Haiti’s cholera death toll rises to 136 as outbreak gets ‘worse and worse every day’ – as it spreads across south
More than 13,000 have died from the killer cholera outbreak in south.
The World Health Organisation confirmed today it has recorded 13,086 cases of cholera – including 6,200 deaths – in south and central Haiti since the beginning of this year.
The number of cases in the country now stands at 10,739. The UN health agency said it was impossible to tell how many people were dying from the disease even though a death toll is still being updated.
The death toll has now risen to 136, almost half the total number of cases over the past 11 months.
“The number of cases of cholera in Haiti has increased dramatically over the past month,” WHO spokesman Gregory Hartl said in a statement on Thursday. “It’s difficult to determine how many people have died from these cases.”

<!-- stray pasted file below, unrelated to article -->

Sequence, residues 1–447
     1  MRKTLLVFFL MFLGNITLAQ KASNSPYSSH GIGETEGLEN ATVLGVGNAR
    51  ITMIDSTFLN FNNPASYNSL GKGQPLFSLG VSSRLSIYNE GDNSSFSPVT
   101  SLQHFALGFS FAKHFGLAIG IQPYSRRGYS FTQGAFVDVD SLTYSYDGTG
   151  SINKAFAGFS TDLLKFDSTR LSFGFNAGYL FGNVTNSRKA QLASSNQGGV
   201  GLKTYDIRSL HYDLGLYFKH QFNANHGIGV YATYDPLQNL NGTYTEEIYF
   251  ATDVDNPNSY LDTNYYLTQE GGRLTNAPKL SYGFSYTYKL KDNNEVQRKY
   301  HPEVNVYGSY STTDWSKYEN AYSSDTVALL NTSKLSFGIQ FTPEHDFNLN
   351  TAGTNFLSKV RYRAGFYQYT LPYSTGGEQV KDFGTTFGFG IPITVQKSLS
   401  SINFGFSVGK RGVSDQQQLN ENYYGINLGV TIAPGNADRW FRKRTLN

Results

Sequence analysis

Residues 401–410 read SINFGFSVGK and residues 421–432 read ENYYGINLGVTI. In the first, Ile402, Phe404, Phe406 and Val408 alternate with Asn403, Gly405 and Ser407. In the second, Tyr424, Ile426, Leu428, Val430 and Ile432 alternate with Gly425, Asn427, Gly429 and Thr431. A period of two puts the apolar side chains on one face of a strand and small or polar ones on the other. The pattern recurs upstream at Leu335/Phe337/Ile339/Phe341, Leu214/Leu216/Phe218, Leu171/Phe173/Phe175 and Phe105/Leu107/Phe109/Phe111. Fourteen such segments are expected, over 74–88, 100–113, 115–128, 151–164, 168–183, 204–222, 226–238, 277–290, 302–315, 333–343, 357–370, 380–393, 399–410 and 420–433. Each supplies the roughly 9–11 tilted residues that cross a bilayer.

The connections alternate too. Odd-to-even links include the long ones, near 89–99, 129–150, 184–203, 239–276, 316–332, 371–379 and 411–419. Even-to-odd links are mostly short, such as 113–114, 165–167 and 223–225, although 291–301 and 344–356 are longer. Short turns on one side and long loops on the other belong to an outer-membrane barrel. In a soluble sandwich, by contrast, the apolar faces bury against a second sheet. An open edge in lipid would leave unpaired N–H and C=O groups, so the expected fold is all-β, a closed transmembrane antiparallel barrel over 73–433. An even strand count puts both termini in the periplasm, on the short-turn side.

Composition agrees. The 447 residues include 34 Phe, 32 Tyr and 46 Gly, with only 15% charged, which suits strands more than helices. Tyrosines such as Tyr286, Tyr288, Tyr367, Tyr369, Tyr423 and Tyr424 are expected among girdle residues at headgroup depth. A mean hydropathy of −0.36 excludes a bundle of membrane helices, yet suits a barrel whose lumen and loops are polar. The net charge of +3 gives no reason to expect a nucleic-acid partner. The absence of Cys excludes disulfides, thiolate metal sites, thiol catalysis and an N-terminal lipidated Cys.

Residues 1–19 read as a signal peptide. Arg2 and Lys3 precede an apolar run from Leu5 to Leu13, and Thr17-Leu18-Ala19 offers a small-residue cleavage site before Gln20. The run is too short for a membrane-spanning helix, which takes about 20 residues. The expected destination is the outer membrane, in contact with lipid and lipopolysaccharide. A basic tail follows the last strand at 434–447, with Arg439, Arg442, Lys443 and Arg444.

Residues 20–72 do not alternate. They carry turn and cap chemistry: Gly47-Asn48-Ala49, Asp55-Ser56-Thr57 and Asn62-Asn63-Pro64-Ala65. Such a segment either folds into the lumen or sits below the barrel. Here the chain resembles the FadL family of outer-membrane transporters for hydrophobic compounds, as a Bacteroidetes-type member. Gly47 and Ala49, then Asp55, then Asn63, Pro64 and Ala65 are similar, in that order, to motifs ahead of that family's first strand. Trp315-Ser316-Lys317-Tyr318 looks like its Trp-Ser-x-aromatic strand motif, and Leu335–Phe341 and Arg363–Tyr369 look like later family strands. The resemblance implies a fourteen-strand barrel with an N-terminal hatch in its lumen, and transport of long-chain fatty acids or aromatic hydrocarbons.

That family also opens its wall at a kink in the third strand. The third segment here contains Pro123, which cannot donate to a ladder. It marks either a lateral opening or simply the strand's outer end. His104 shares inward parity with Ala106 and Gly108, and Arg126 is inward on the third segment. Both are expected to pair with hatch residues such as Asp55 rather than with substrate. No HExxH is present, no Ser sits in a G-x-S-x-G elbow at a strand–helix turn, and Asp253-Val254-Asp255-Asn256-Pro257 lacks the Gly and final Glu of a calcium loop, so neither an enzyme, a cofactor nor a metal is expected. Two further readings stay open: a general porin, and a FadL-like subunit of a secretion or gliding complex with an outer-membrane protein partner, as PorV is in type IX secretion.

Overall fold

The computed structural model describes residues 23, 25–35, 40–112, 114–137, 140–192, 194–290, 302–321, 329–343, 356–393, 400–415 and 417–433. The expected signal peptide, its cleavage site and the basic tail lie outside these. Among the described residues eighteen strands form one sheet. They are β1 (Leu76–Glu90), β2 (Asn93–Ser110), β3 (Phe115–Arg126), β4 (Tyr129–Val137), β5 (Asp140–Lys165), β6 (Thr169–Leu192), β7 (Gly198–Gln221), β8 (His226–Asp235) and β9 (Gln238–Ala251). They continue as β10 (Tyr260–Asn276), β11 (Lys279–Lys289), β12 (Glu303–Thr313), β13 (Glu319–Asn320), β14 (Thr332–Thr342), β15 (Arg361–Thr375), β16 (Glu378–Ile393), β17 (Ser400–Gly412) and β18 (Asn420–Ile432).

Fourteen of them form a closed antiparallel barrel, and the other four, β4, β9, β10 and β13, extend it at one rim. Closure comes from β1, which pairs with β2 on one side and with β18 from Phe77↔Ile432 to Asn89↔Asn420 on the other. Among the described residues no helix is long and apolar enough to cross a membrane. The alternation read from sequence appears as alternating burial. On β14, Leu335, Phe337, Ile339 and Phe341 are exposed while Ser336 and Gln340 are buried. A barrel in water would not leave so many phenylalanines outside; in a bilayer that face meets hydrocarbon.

But he added: “Our assessment is clear – the situation in Haiti is as alarming as it has been in the past month and the cholera outbreak is getting worse and worse every day.”
A cholera outbreak in Haiti – the third largest in the world – hit a new peak on January 26 when about 9,000 people became ill.
“We are now in an unprecedented situation after the last epidemic was in April,” said Hartl. “So we are now approaching the highest number of cases of cholera in the country in a long time, and the number of deaths from the disease is now at 13,086.”
The worst-ever outbreak of cholera in Haiti, from September 2010, killed more than 8,000 people.
The latest figures have spurred a renewed round of calls for the international community to send more aid.
UN secretary general Ban Ki-moon warned yesterday: “This